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Robert E. Warren Historical Research and Narrative

In the summer of 1673, when Louis Jolliet and Jacques Marquette explored the Mississippi River, the Illinois Indian nation was one of the largest and most powerful ethnic groups in the American Midwest. The Illinois were composed of as many as twelve affiliated tribes and had a population of more than ten thousand people. Their territory, which the French called Le Pays des Illinois—the Illinois Country—encompassed one hundred thousand square miles of prairies, forests, and wetlands in the central Mississippi Valley. The Illinois were economically self-sufficient, supporting themselves with hunting, gathering, and agriculture. They also maintained trade relationships with distant Indian tribes and were embarking on a new political and economic alliance with French-Canadians that would last for five generations.

If we turn the calendar forward 159 years, to the summer of 1832, the scene is quite different. Most striking, perhaps, is that 98 percent of the Illinois Indian population has vanished. Warfare and disease have reduced the nation to two tribes totaling fewer than two hundred people. The Illinois no longer control the Illinois Country As their population declined, competing Indian tribes occupied much of their original territory. Now, all but a few square miles have been ceded by treaty to the United States government. The Illinois have become partially dependent on the government for economic support, receiving annual payments in compensation for their land. The political landscape has also changed. Euro-American claims to the Illinois Country have passed from France to Great Britain to the United States. In a matter of months, the last remnants of the Illinois Indians will abandon their homeland for a reservation in Indian Territory.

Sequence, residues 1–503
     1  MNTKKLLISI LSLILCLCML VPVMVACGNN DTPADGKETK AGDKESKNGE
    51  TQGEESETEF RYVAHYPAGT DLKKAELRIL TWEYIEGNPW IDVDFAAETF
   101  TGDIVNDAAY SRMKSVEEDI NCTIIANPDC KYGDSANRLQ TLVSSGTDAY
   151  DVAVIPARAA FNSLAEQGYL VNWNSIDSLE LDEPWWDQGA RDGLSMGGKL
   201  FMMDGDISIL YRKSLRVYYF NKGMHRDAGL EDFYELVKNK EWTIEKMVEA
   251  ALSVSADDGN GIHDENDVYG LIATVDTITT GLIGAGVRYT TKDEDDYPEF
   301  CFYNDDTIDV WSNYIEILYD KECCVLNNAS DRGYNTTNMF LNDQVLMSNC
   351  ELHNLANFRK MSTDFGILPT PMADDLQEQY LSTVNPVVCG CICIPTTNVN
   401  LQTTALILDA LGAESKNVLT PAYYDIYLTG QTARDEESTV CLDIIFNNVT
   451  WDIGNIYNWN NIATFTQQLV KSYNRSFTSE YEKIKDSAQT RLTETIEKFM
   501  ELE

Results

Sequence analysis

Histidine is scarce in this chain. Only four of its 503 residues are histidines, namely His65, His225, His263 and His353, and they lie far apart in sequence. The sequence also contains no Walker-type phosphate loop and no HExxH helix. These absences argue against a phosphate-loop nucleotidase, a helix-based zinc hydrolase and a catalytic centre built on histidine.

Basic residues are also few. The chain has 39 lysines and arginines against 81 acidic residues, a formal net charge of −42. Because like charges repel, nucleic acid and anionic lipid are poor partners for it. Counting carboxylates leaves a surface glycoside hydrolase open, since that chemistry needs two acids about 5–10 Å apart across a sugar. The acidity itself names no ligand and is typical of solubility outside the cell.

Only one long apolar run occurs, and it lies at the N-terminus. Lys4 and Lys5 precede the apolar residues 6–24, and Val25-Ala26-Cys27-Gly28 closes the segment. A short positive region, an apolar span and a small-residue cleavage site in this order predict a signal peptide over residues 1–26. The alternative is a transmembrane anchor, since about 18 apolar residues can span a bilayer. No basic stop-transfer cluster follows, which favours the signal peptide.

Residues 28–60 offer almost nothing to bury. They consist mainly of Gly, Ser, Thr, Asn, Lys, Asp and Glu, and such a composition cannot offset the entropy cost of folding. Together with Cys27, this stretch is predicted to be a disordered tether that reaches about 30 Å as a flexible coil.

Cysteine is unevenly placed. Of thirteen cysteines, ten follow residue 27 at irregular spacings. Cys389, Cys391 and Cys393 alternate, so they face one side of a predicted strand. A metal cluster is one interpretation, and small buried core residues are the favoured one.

The story of the Illinois Indians is a remarkable tale of human endurance and survival. As a people, they overcame challenges that brought them perilously close to extinction. They also played key roles in the early history of Illinois—as economic partners

Illinois Indians Visiting New Orleans, 1735 Detail of colored pen-and-ink drawing by Alexandre de Batz. Courtesy Peabody Museum, Harvard University. Photograph by Hillel Burger. ©Pres. and Fellows of Harvard College.

in the French fur trade, as military allies in the French and Indian War, as scouts and suppliers in the American Revolution, and as warriors who fought alongside United States troops in the Black Hawk War. They gave their name to the state of Illinois. And yet, their story has been minimized or ignored in general state histories, some of which are blatantly racist and ethnocentric. The Illinois Indians deserve a place in Illinois history.

At the time of contact, the Illinois or Illiniwek nation was a loose confederation of independent American Indian tribes who spoke a single Algonquian language (Miami-Illinois), had similar ways of life, and shared a large territory. The Illinois called themselves inoca. French explorers and missionaries generally referred to them as "Ilinois," but also used such terms as "Eriniouai," "Liniouek," and "Aliniouek." According to Marquette, Illinois meant "the men." However, a recent study of the Illinois language indicates the name may have instead come indirectly from the Illinois word irenwee-wa, which means "he speaks in the ordinary way."

In the late 1600s there may have been as many as twelve different tribes of Illinois Indians. By the end of the century, however, seven of these—Chepoussa, Chinkoa, Coiracoentanon, Espeminkia, Maroa, Moingwena, and Tapouaro—had disappeared or merged with other Illinois tribes. Five principal tribes survived into the eighteenth century: the Cahokia, Kaskaskia, Michigamea, Peoria, and Tamaroa. Only the Kaskaskia and Peoria continued to exist in the nineteenth century.